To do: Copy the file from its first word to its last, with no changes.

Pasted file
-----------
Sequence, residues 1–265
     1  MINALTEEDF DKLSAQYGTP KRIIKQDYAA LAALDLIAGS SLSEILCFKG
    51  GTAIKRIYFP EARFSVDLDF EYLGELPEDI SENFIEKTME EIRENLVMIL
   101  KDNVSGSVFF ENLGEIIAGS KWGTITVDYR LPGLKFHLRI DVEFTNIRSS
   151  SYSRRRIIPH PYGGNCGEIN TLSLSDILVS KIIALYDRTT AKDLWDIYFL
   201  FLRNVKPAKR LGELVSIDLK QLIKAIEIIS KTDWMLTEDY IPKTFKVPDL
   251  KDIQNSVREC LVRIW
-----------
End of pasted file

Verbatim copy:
Sequence, residues 1–265
     1  MINALTEEDF DKLSAQYGTP KRIIKQDYAA LAALDLIAGS SLSEILCFKG
    51  GTAIKRIYFP EARFSVDLDF EYLGELPEDI SENFIEKTME EIRENLVMIL
   101  KDNVSGSVFF ENLGEIIAGS KWGTITVDYR LPGLKFHLRI DVEFTNIRSS
   151  SYSRRRIIPH PYGGNCGEIN TLSLSDILVS KIIALYDRTT AKDLWDIYFL
   201  FLRNVKPAKR LGELVSIDLK QLIKAIEIIS KTDWMLTEDY IPKTFKVPDL
   251  KDIQNSVREC LVRIW